Microsoft, which has not given up on frequent feature changes for Windows 10 users, has introduced Windows feature experience packages as a way to increase the number of times a year customers receive new shiny things.
Redmonds released a preview of the first Windows Feature Experience Pack for members of the Windows Insider beta program.
“By testing this process first with Windows Insider, we look forward to expanding the scope and frequency of releases in the future,” Brendon Leblan, senior program manager, wrote on the company’s blog. “Eventually, updates to the Windows Feature Experience Pack will be integrated into the existing Windows 10 service process and will be delivered to customers in this way through Windows Update.”
These feature packsDue to the lack of a better short form, Redmond has been bubbling for some time: two years ago, they were mentioned in a Windows 10 support document. ZDNet’s Mary Joe Foley, who reported on the Leblance job on Monday, had also called the Windows Feature Experience Pack in June as it was shipped to some users.
The idea of feature packs, as explained by LeBlanc, is to send “features and experiences” through a mechanism outside the two-year feature update cycle already in place for Windows 10. Such features and functions could be installed independently of the OS, as they were developed independently. from the operating system, such as the Edge browser.
This debut included only two minor improvements to existing features. The first allows users to save screenshots or screenshots taken with Snip & Sketch in the specified folder instead of automatically in the Pictures / Screenshots folder. The second supports a shared keyboard for the touch keyboard on 2 devices in one.
According to LeBlanc, Windows feature experience packages will be delivered to users through Windows Update.
As a result, they will rely on the same service technology used to implement the monthly security update, other monthly deliveries (including optional updates on the third or fourth Tuesday of each month), and especially Windows 10 “small” feature upgrades. Both November 2019 and 2020.
Okay, but why?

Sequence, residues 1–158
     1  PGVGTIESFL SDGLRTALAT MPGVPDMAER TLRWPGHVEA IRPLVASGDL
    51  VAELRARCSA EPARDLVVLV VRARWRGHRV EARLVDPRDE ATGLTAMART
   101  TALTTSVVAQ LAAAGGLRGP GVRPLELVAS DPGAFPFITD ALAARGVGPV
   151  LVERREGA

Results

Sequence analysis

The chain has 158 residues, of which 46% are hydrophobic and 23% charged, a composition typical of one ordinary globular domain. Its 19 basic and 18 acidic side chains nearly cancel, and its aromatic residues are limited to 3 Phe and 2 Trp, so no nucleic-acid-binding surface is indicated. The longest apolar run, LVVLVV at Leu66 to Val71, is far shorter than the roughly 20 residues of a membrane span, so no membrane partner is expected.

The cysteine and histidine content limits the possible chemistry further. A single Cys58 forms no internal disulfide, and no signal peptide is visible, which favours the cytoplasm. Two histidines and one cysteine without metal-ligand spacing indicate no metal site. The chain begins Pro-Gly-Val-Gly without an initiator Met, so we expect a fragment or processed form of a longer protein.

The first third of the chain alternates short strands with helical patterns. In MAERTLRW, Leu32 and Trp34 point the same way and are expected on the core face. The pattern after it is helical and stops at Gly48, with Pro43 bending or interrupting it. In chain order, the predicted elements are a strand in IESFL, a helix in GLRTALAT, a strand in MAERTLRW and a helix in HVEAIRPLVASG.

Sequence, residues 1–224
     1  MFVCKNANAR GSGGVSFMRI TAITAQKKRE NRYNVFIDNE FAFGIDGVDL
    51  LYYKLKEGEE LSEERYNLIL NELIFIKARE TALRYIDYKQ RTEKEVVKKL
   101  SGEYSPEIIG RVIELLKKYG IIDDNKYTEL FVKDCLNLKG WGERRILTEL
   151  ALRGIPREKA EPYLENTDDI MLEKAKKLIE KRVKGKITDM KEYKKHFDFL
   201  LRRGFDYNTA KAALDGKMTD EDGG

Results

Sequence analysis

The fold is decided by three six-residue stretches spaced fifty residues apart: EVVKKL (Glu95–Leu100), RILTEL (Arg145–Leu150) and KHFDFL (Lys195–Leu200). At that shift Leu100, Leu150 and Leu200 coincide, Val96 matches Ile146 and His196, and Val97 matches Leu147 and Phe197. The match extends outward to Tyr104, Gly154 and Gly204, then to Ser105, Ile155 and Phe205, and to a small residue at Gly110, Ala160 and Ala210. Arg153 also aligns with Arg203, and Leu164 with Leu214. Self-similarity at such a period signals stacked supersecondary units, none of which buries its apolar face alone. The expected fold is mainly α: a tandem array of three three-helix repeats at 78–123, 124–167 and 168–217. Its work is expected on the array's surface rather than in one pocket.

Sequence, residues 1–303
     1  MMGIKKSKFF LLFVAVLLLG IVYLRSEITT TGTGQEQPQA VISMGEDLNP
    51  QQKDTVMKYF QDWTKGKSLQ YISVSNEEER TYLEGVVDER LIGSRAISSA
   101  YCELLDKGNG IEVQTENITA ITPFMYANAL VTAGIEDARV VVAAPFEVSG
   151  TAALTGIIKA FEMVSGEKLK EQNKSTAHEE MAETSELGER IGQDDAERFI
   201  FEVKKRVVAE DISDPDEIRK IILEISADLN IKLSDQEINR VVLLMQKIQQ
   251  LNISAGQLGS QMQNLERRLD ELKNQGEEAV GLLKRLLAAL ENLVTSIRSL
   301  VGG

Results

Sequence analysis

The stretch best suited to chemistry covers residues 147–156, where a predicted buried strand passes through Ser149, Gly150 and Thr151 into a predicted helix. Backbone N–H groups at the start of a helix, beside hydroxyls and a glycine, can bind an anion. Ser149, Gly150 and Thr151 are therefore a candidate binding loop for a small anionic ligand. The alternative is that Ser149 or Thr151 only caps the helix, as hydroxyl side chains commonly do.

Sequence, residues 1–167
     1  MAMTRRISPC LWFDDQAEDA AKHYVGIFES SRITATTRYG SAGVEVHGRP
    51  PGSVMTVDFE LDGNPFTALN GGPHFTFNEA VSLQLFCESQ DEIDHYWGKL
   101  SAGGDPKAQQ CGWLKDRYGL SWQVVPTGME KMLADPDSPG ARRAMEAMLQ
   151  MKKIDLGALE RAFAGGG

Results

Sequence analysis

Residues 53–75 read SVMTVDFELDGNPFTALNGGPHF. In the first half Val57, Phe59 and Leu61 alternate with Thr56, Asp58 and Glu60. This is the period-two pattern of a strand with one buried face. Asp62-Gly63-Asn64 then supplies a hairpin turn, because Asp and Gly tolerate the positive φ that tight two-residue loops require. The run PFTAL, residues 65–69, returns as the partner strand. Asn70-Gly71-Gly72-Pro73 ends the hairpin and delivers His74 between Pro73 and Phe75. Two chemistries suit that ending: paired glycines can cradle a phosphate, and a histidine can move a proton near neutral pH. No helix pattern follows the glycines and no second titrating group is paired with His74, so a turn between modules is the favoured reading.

In 2019, Microsoft launched a major-small feature upgrade cadence, with the first update of the year – released in the spring – followed by an even smaller one in the fall. The first contained many additions or enhancements to features and functionality, and was delivered as a standard operating system upgrade, so it was necessary to completely replace the OS.
The second included all fixes issued since the first, as well as a very limited number of feature additions; due to its structure, it could be handled and installed just like one of several monthly updates. In fact, the entire second “upgrade” was embedded in the code of one of these monthly cumulative updates, then activated with a minute minute later.
“Updates to the Windows Feature Experience Pack will be delivered to internal users through Windows Update, as will builds and cumulative updates,” writes LeBlanc.
This feature means that Microsoft expects these updates to be processed significantly faster than a true feature upgrade, even if they are not unobtrusive. (LeBlanc noted that the feature pack needs to restart the device, although the Patch Tuesday security update does not.) This also means that Microsoft expects these updates to occur more frequently than feature updates, possibly as often as every month.
The latter is likely to affect especially commercial customers, IT staff. IT as a group has not been enthusiastic about Microsoft’s pace of Windows as a service; In a survey conducted earlier this year, almost six out of every 10 administrators surveyed said innovations were not helpful or infrequent.
In addition, only 17 percent of administrators preferred the current two-year upgrade frequency, while 75 percent wanted only one upgrade per year or one upgrade per year. two years.
Microsoft’s upgrade rate has actually dropped from twice a year to just once a year, starting in 2019, when it reached its main-smallest term. Now you’re thinking of increasing the frequency with Windows Feature Experience Packs?
Microsoft has never shown evidence that customers spoke of their Windows 10 as a service model, that they thought it improved the security of their wards, or that these customers saw Windows 10 as a better result of frequent OS upgrades.
In fact, since Windows 10 debuted five years ago – even before launching it – users have complained about Microsoft’s upgrade practices, focusing on everything from speed to disruption, and questioning their value and Microsoft’s motives. Customers have adapted to the new service strategy because they have had it, not because they want it.
The concept of the Windows Feature Experience Pack is more or less the same. Almost as important, the feature packs run counter to Microsoft’s move to less innovation, as evidenced by 30 months of support for Windows 10 Enterprise upgrades and Windows 10 Home and Windows 10 Pro cadence once a year. From there to someone, another way to distribute updates? Again, why?
Microsoft should answer that – and once, before it corresponds to a change. Customers, especially paying customers on the commercial side, deserve it.
Tag MicrosoftWindows 10